Popularly known as
the Ferrari 250 GT/L Lusso (“luxury” in Italian) and unveiled at the Paris Auto
Show, this was a vastly different type of car than the Ferrari 250 SWB.
When the Ferrari 250 GT coupe ceased production in 1960, Ferrari was left with but one enclosed two-seat 3.0-liter model, the competition-oriented 250 SWB. Ferrari needed a proper street model, and in late 1962, it filled the void with the Ferrari 250 GT/L.
The Ferrari 250 GT/L Lusso was a sumptuous gran turismo with an elegant body drawn by Pininfarina. (The coachbuilder’s name officially became one word in 1961.) Scaglietti manufactured the coachwork at his Modena-based carrozzeria and the Lusso was the first Ferrari to carry a “designo di Pininfarina,” indicating that Pininfarina designed it but did not build it.
The body was steel; the doors, hood, and trunklid aluminum. The grille and headlights were similar to those on the SWB, but the front fenders were elongated. The rear roofline swept back gracefully, and into the tail was sculpted a small spoiler, the first street Ferrari to have the aerodynamic aid.
The Ferrari 250 GT/L Lusso’s new chassis was derived from the immortal Ferrari 250 GTO, and shared that sports-racer’s wheelbase of 94.5 inches (2400mm). The engine was placed several inches forward compared to other 250s, creating a roomy cockpit. Two comfortable bucket seats faced an unusual instrument panel that put the supplemental gauges in front of the driver and the speedometer and tachometer in the center of the dash, angled toward the driver.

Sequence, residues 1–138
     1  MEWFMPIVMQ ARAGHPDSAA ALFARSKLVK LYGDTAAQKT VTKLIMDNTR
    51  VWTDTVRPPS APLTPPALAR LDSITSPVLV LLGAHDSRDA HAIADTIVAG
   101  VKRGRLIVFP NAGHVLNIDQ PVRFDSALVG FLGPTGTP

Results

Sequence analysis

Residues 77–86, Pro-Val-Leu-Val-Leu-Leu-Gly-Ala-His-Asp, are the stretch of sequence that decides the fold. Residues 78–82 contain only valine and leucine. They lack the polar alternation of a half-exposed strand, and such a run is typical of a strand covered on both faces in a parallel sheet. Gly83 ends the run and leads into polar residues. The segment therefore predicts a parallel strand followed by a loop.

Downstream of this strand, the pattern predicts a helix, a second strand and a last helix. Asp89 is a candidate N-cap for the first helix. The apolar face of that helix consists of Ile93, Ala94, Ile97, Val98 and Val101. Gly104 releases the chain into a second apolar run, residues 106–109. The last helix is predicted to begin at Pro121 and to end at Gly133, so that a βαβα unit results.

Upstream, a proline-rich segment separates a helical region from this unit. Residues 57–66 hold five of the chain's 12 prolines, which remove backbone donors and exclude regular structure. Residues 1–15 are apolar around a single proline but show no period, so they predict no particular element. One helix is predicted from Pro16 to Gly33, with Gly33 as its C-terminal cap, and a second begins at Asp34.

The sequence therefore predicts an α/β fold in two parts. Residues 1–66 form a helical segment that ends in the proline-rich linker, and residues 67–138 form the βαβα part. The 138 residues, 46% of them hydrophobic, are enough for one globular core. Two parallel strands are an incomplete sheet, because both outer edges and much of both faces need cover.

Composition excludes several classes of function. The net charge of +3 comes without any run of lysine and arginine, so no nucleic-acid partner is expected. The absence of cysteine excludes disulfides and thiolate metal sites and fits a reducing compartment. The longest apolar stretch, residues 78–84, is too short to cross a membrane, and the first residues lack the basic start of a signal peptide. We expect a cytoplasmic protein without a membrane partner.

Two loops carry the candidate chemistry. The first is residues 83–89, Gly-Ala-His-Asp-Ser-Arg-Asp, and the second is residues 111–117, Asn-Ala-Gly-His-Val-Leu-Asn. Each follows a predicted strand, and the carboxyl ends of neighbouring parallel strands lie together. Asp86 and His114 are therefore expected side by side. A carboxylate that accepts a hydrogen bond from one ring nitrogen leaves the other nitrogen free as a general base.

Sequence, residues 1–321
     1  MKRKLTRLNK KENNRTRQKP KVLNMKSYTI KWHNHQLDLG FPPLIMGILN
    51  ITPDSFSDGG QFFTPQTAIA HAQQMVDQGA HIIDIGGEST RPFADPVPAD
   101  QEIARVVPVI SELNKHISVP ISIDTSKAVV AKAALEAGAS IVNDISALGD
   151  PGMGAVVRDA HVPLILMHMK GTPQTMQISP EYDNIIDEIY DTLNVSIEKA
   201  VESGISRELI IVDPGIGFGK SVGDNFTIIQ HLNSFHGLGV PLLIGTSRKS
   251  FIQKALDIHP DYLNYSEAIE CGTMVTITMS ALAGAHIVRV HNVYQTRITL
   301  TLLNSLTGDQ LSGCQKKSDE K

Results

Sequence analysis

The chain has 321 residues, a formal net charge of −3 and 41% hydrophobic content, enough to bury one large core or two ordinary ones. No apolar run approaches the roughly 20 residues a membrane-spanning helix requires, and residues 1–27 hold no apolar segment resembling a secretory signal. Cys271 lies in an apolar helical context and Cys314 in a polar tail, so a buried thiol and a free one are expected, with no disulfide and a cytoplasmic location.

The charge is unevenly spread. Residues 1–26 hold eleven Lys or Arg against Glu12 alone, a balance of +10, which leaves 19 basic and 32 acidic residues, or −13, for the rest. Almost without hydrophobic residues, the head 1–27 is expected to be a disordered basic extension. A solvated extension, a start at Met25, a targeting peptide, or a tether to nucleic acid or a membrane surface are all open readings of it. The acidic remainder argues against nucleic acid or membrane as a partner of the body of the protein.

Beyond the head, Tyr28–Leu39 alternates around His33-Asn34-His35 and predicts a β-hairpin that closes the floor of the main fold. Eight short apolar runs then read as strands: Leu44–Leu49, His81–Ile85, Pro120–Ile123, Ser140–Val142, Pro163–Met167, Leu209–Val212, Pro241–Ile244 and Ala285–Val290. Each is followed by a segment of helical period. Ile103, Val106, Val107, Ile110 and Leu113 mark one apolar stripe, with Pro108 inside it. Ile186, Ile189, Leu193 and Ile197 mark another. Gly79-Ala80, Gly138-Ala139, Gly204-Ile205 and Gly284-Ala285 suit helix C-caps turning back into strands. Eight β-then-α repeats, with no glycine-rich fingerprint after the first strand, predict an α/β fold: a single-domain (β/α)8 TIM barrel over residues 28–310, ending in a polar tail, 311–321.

The Ferrari 250 GT/L Lusso’s V-12 demonstrated Ferrari’s ability to continually develop and refine its powerplants. The block was common to all 250s, while some components, such as the valves and crankshaft, came from the Ferrari 250 SWB, and others, including cylinder heads and pistons, came from the Ferrari 250 GTE. The result was a very usable 250 horsepower.
Regarded by some as one of the loveliest Ferraris ever, the Ferrari 250 GT/L Lusso was the last 250 street model. It was extremely popular with Ferrari’s clientele, and Battista Pininfarina was so fond of it he had one specially made. He gave it a more aerodynamic rear roofline and tail and created a memorable one-off displayed at the 1963 London Motor Show.
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